Awschalom Group

Charge Dynamics of Point Defects in SiC

Spins in defects in solid state systems provide a versatile platform for quantum information, with applications such as quantum computing, sensing and communication. Defects in silicon carbide (SiC) in particular have been found to combine long-lived, controllable quantum defects with mature growth technology developed by the SiC high power electronics industry.

In any given defect, multiple charge state configurations are possible, but only one of those offers the correct spin properties needed for quantum information. Being able to control the charge state is therefore a pre-requirement to experiments in this system. 

In this study, we demonstrate control over the charge state of divacancies defects in 4H-SiC, where the neutral charge state provides the correct spin state and is optically bright (photoluminescent), enabling spin experiments. Using combinations of near-infrared and near-ultraviolet excitation from two light sources, we are able to convert the defect from this bright to another dark (non-photoluminescent) charge state.

We measure enhancements of up to three orders of magnitude in the optical signal depending on the sample, facilitating the realization of any future experimental demonstration. For example, it is typical to implant defects in a sample to obtain spin qubits with a given concentration. Implantation however can locally damage the sample or change its Fermi level, resulting in defects being in the wrong (dark) charge state which cannot be observed. The application of the near-ultraviolet light in this case fully converted this implanted layer of defects, showing a narrow spin signal with millisecond coherence times, even under the illumination.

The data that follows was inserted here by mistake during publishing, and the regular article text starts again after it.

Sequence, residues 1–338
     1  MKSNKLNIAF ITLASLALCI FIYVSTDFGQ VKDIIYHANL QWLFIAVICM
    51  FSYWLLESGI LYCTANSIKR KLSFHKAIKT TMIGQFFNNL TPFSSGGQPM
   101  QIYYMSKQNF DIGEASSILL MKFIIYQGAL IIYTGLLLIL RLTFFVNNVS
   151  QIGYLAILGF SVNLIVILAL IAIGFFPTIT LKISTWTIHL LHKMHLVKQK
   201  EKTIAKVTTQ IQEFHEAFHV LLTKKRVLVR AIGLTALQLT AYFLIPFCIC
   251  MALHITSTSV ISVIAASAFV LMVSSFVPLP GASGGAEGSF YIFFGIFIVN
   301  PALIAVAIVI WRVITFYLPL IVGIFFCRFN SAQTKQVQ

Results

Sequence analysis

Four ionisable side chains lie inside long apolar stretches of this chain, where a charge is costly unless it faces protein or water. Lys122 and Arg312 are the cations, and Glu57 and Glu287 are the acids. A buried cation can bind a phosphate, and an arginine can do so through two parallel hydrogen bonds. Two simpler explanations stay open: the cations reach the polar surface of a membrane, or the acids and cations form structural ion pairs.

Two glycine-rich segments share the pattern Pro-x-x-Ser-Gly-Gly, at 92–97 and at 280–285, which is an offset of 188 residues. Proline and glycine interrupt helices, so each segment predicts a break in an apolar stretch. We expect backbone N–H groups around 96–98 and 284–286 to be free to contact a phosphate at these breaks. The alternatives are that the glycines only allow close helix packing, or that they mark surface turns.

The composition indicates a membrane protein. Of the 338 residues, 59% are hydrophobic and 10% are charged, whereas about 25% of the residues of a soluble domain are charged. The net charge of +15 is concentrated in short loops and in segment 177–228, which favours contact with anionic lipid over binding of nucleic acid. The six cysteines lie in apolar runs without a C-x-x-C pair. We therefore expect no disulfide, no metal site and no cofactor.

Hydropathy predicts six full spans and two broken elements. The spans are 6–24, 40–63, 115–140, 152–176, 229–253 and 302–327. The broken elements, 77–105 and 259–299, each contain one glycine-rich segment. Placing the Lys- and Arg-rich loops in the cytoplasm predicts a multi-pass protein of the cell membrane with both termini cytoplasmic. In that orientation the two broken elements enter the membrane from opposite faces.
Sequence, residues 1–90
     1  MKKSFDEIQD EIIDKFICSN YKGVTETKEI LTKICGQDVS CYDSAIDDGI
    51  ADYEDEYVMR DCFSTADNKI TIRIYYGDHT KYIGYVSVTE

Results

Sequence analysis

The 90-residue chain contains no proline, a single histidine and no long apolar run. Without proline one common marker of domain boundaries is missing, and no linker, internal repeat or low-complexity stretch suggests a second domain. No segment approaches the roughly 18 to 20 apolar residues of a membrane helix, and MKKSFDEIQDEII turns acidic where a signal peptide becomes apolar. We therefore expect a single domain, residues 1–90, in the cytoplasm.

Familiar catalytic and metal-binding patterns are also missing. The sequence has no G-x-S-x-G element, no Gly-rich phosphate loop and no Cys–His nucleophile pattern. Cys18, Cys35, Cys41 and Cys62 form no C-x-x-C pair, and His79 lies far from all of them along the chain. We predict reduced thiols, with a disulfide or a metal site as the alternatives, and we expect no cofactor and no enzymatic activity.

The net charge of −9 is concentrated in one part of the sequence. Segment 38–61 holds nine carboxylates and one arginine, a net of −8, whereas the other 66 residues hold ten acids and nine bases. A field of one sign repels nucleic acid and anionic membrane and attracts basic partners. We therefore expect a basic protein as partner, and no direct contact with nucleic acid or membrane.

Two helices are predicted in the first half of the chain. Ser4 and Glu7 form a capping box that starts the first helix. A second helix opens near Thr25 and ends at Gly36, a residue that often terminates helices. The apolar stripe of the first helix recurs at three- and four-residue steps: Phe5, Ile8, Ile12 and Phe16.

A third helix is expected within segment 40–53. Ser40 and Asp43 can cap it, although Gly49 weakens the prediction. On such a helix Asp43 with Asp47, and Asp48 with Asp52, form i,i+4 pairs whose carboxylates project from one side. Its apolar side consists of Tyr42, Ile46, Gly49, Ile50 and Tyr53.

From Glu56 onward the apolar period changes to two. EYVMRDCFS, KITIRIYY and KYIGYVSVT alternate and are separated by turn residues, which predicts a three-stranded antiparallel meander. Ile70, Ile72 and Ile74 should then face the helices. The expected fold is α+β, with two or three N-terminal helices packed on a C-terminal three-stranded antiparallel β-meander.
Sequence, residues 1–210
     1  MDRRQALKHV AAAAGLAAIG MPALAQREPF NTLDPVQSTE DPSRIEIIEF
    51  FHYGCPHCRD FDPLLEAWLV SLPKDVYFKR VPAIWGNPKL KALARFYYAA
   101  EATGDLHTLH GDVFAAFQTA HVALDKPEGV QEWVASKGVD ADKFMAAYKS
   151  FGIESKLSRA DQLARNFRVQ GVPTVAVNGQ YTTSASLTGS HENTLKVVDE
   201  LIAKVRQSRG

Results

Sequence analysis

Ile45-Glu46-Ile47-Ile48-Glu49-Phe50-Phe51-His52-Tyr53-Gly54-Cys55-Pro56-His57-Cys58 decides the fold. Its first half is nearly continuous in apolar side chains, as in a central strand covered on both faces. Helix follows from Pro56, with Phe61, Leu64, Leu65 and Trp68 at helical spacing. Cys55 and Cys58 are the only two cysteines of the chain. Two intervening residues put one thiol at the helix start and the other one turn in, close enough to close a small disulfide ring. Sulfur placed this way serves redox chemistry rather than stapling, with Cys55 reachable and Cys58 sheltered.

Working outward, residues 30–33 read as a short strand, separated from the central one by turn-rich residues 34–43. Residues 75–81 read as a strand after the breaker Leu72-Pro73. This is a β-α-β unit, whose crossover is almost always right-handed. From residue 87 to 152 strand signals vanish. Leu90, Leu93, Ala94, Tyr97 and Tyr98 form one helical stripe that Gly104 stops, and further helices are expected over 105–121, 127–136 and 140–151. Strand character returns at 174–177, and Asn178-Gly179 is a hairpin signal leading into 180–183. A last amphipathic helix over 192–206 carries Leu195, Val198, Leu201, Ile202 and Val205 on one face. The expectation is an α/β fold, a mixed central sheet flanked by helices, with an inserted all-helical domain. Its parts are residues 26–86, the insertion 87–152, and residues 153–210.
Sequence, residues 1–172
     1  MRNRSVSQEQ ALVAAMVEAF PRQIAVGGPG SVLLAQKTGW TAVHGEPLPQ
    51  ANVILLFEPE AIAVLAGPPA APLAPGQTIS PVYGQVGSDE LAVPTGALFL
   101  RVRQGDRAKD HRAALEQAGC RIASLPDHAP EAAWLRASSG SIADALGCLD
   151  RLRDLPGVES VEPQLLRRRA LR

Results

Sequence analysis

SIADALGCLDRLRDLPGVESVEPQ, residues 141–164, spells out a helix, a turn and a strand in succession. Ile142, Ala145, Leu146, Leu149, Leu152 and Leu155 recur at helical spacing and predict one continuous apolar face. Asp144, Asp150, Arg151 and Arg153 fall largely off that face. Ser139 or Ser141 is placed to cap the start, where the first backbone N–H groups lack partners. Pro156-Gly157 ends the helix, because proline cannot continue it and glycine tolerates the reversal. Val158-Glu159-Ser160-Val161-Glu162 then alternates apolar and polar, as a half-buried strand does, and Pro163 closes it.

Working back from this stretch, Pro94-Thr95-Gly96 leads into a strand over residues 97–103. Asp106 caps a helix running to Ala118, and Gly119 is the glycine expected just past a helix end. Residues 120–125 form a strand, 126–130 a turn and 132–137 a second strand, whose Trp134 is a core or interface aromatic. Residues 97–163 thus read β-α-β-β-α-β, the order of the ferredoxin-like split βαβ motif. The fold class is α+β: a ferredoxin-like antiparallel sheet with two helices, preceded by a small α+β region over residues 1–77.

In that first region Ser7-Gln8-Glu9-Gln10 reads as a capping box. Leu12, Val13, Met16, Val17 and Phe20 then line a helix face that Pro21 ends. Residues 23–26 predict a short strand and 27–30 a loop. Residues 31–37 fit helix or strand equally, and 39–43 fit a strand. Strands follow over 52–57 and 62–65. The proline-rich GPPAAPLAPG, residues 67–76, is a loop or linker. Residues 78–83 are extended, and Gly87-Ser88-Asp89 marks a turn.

Finally, we demonstrated patterning of the defect charge state over large area of the sample. The charge conversion is persistent at cryogenic temperatures (5 K), therefore defects can locally be changed to either bright or dark, and then measured later. This may provide high-density storage of information.

Overall, these results provide a strong basis for all future quantum experiments using divacancy defects in SiC, as well as the possibility to use the charge state of these defects for alternative applications.


To learn more about our studies, please refer to:

“Optical charge state control of spin defects in 4H-SiC”, Gary Wolfowicz, Christopher P. Anderson, Andrew L. Yeats, Samuel J. Whiteley, Jens Niklas, Oleg G. Poluektov, F. Joseph Heremans and David D. Awschalom. Nature Communications, 8:1876 (2017).